TABLE I______________________________________    `A` block    `B` blockBlock copolymer      Composition                 Wt. %   Composition                                  Wt. %______________________________________Q          Poly(12-   70      Polyethyl-                                  30      hydroxy-           ene glycol      stearic      acid).R          Poly(12-   65      Polyethyl-                                  35      hydroxy-           ene glycol      stearic      acid).S          Poly(12-   60      Polyethyl-                                  40      hydroxy-           ene glycol      stearic      acid).U          Poly(12-   50      Polyethyl-                                  50      hydroxy-           ene glycol      stearic      acid).______________________________________

                                  TABLE II__________________________________________________________________________PIBSA         PEG        Other    FattyPolyesterMol. wt.     Mols.         Mol. wt.              Mols. polyol(s)                         Mols.                             acid                                 Mols__________________________________________________________________________I    1000 1.58         800  1.07  NPG  1.26                             TOFA                                 1.45II   1000 2.99         600  2.84  NPG  0.61                             TOFA                                 1.13III  1000 2.99         600  3.33  NPG  0.12                             TOFA                                 1.13IV   1000 0.56         600  1.30  G    0.15                             TOFA                                 1.81V    1000 0.56         600  1.50  G    0.02                             TOFA                                 1.81VI   1000 1.40         800  1.65                    PE   0.02                             --  --         600  0.15VII  1000 1.53         600  1.44  G    0.56                             TOFA                                 1.40VIII 1000 1.30         600  1.50  --   --  TOFA                                 0.40__________________________________________________________________________ Key to abbreviations PIBSA Poly(isobutenyl)succinic anhydride PEG Poly(ethylene glycol) NPG Neopentylglycol G Glycerol PE Pentaerythritol TOFA Tall oil fatty acid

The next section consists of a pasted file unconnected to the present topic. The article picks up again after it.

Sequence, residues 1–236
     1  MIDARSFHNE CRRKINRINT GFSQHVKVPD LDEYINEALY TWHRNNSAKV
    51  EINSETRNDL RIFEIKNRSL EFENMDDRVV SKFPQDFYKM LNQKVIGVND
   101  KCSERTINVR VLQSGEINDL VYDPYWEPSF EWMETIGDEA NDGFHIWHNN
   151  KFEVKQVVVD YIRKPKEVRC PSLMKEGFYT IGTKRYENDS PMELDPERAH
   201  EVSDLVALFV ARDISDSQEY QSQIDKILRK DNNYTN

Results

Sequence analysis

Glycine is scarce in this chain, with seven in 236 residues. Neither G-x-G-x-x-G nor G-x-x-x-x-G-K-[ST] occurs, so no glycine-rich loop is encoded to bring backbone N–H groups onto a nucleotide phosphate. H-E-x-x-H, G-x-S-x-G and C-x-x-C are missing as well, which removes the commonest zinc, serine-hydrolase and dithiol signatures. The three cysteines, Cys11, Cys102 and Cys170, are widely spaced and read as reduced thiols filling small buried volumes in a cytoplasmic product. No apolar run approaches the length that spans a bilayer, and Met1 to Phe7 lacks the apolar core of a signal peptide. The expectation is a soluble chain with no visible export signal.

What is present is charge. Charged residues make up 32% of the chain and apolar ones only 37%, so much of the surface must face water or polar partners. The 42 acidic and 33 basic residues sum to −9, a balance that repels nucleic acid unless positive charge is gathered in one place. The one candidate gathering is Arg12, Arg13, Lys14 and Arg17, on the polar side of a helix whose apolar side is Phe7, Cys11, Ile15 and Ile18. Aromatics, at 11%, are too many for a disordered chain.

Details of the preparation of the polyesters are given below.

              TABLE III______________________________________Blend    Block     % by             % byNo.      Copolymer wt.       Polyester                               wt.______________________________________1        Q         50        IV     502        Q         50        VI     503        Q         50        VIII   504        R         50        III    505        R         50        IV     506        R         50        V      507        R         50        VIII   508        S         50        I      509        S         50        II     5010       S         50        VII    5011       U         20        VII    80______________________________________

According to a further aspect of the present invention, there is provided an emulsion of methanol or ethanol in a liquid hydrocarbon fuel, the emulsion containing from 1% to 75% by weight of methanol or ethanol as the disperse phase and from 25% to 99% by weight of the hydrocarbon fuel as the continuous phase, and in addition, as emulsifying agent, from 1% to 100% by weight, based on the disperse phase, of a surfactant composition as hereinabove defined. From a practical point of view, particular interest centres around emulsions which contain from 5% to 60% of methanol or ethanol and from 40% to 95% of hydrocarbon fuel, since the fuel value of the emulsion falls off steadily with increasing alcohol content and the viscosity rises as the disperse phase volume increases.

Hydrocarbon fuels in which methanol or ethanol may be emulsified according to the invention include, for example, commercial grade diesel oil, `35 seconds` gas oil, No. 3 fuel oil, commercial grade `2-star` petrol and commercial grade mineral oil (having a viscosity of 60 centistokes at 40 C.).

Although the disperse phase of the emulsions may consist of essentially pure methanol or ethanol, emulsions of practical interest may be obtained according to the invention in which the methanol or ethanol contains up to 20% of its weight in water. In commercial application, water contents in the range 5-10% by weight may commonly be encountered. In general, where the water content of the methanol or ethanol is low, it is preferred to employ, as the block or graft copolymer constituent of the surfactant composition, a copolymer having a content of the component B lying towards the upper end of the preferred range previously referred to, viz. a value in the region of 40-45%; conversely, where the methanol or ethanol contains proportions of water approaching the maximum of 20%, it is preferred to use a block or graft copolymer having a lower content of component B, in the region of 30%.